Marine Biological Laboratory, Woods Hole, MA, USA
Organizers: Drs Markus Mohrs and Fabienne Tacchini-Cottier
Funded by TDR (UNICEF, UNDP, World Bank, WHO), Trudeau Institute, IUIS, and WHO Immunology Research and Training Centre, University of Lausanne, and Biocompare.
IUIS fellowships contributed to the expenses of four participants from developing countries.
The 14th Woods Hole Immunoparasitology (WHIP) meeting was a great success. There were 150 participants and outstanding presentations and lively discussions. Four participants from developing countries were selected to attend and present their results to the meeting.
The recipients are listed below:
Gertrude Kiwanuka, PhD
Department of Biochemistry, Mbarara University of Science and Technology, Uganda
“Plasmodium falciparum Erythrocyte Binding Antigen-175 and Development of Malarial Anaemia”
Tamrat Abebe, PhD Candidate
Department of Microbiology, Immunology & Parasitology, Faculty of Medicine, Addis Ababa University, Ethiopia
“Local and Systemic Arginase Activity in Patients with Cutaneous Leishmaniasis”
Mahamadou Diakite, PharmD, DPhil
Malaria Research and Training Centre, Faculty of Medicine, Pharmacy & Odontostomatology, University of Bamako, Mali
“Hemoglobin and red blood cell polymorphisms that confer protection against severe Plasmodium falciparum malaria are exceedingly common in Mali”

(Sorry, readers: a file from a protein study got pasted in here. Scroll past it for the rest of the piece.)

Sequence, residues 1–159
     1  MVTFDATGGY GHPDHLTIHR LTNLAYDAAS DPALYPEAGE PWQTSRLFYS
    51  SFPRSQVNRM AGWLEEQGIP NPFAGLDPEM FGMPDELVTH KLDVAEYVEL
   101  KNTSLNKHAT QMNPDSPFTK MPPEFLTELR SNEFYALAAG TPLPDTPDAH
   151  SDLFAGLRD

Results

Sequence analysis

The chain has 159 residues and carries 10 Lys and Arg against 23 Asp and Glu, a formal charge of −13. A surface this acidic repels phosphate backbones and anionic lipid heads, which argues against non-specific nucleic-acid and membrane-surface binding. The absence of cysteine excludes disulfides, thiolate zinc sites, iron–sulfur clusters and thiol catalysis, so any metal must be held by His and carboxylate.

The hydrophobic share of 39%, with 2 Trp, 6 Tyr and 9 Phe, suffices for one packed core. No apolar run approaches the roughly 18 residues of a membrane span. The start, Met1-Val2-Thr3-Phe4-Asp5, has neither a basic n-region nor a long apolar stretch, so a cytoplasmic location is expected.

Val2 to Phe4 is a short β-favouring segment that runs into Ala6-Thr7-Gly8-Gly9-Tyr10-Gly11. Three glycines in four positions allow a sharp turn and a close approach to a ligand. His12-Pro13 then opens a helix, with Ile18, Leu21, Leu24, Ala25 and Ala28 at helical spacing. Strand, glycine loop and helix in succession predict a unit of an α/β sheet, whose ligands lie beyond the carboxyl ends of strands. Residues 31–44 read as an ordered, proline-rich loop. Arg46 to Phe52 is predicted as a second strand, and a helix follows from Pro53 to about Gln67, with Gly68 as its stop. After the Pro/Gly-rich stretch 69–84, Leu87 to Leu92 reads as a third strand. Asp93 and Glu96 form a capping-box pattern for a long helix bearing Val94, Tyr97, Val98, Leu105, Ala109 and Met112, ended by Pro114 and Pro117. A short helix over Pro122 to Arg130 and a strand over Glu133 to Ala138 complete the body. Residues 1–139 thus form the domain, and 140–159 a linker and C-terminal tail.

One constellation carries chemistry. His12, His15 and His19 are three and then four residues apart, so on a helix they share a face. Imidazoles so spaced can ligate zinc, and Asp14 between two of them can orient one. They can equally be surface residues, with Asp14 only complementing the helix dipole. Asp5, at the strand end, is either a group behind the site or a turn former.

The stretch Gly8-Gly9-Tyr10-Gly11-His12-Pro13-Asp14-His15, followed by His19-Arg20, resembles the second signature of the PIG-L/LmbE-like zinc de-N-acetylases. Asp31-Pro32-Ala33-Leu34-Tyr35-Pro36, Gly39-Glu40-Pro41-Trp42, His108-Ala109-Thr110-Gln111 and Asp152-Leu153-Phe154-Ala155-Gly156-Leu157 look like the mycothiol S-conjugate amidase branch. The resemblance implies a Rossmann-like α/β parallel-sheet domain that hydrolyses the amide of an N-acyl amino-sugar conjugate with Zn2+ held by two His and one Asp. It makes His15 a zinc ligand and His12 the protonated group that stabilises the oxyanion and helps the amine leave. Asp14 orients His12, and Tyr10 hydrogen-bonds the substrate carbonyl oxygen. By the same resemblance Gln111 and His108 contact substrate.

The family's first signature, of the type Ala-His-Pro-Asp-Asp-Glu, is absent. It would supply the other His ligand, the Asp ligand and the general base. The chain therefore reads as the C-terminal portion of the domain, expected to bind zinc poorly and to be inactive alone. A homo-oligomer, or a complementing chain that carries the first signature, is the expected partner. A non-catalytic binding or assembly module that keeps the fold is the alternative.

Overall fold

Seleshi Kebede, PhD Candidate
Aklilu Lemma Institute of Tropical and Infectious Diseases, Addis Ababa University, Ethiopia
“Visceral Leishmaniasis in Bira Abo: Sero-Epidemological and Leishmanin Skin Test Survey”
The first three participants presented their work orally and their presentations generated several questions and an interesting discussion that followed during the many opportunities for participants to interact with other participants and principal investigators during tea breaks, lunches, dinners and poster sessions. The fourth candidate presented his results as a poster and benefited from a lot of discussion. The poster session, organized in two special sessions attracted all participants of the meeting and was very successful. The meeting gave them the opportunity to meet scientists working on parasitic diseases but also offered them a possibility of networking with other research groups.
The main sessions by a large array of stellar investigators were on Cell Migration, Alternate Activation, Innate Immune Responses in the Skin, Immuner Regulation, Dendritic Cells, T Helper Cell Responses, Granulocytes, Parasites/Coinfections. There were also 98 oral presentations or posters by participants.